On our post explaining hand scraped flooring, we were given this question from Akil. I think it’s best answered with the help of pictures, which I cannot put into comments, so I’ve decided to tackle it in a proper post. Here’s the question.
Thank you for explaining. We are going to built a new home pretty soon and we are first time home buyers. Our builder shows the option of having the engineered hardwood or handscraped wood. Engineered hardwood is less expensive than handscraped according to their quote. We have always lived in carpet so no idea about hardwood floors at all. We have a son and not sure about the maintanence of this hardwood floor. Few are recommending us to go for Handscraped floor because of scratch resistence and nice rich look. Can you please help us with your insights on this? Please educate us with the engineered hardwood vs handscraped. Which do u think is a good option? Much appreciate your time and opinion.
What Engineered Is
Hello, Akil. First I need to make a distinction. Engineered hardwood is one of two kinds of hardwood flooring, the other being solid. The link in the previous sentence goes to a post with a video explaining the differences in detail, but basically solid hardwood is a big, thick board made out of a single piece of wood. Engineered hardwood is made of criss-crossed layers, up to 9, with the top layer being the species, color or style the planks are given. Both are real hardwood, and both can be hanscraped (we have engineered hand scraped hardwood flooring on our site if you want to see some).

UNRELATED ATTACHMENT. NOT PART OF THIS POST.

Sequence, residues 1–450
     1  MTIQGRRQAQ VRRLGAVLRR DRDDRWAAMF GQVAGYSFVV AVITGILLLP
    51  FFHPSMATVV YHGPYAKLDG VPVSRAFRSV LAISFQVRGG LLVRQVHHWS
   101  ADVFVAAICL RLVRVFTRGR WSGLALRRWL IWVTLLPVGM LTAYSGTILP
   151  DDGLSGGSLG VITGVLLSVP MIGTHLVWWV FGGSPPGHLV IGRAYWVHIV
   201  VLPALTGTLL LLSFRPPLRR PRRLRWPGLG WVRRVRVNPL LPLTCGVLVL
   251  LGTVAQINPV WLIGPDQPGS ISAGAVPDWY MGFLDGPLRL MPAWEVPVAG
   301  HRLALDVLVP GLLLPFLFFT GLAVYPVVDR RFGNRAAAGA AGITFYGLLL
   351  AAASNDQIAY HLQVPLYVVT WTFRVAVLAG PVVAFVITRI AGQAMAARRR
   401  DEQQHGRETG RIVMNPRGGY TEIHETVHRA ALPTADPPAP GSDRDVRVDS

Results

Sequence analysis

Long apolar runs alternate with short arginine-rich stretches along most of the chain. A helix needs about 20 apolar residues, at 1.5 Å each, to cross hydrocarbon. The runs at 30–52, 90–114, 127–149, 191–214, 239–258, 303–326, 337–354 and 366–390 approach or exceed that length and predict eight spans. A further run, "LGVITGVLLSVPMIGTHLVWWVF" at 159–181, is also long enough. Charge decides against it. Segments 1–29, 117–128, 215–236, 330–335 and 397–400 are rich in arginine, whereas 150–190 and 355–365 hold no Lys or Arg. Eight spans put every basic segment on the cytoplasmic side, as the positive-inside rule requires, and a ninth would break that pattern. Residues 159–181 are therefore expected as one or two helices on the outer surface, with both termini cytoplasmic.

What Hand Scraped Is
”Hand scraped” is not a kind of flooring, so much as a style, a way the surface can be made to look. These days it can apply to almost any kind of flooring made of wood, or intended to look like wood. Genuinely hand scraped floors can come in both solid and engineered hardwood. The look itself has also been replicated in laminate and vinyl plank floors. The result is just a wavy surface, a handmade look rather than a smooth one.
Scratching and Maintenance
As far as hardwood durability and care, what matters is not the hand scraped feature, but what the flooring actually is, and then with hardwood the surface treatment – the type of finish, and how many coats are applied. Your basic kinds of flooring with a wood look are hardwood (solid or engineered), laminate and vinyl plank. With hardwood, the durability is affected greatly by the species of wood. There are very dense hardwoods available, and softer ones. In a high activity room, you would want a denser floor. That said, there is a limit. There is no hardwood on which one should ever walk with high heeled shoes, for instance. None of them can take that.
Hand scraped hardwoods are not more or less scratch resistant than smooth surfaced woods. What can happen is that, because the surface is already deliberately imperfect, scratches and dents will blend in. With wood, aside from the species, the only thing affecting its scratch resistance would be the kind and number of coats of finish on the surface. Pre-finished hardwoods can have as many as 9 coats, which is pretty good. Those finished in the home after installation usually only get up to 3 because of the time needed both to do them, and to allow each coat to set before doing the next one.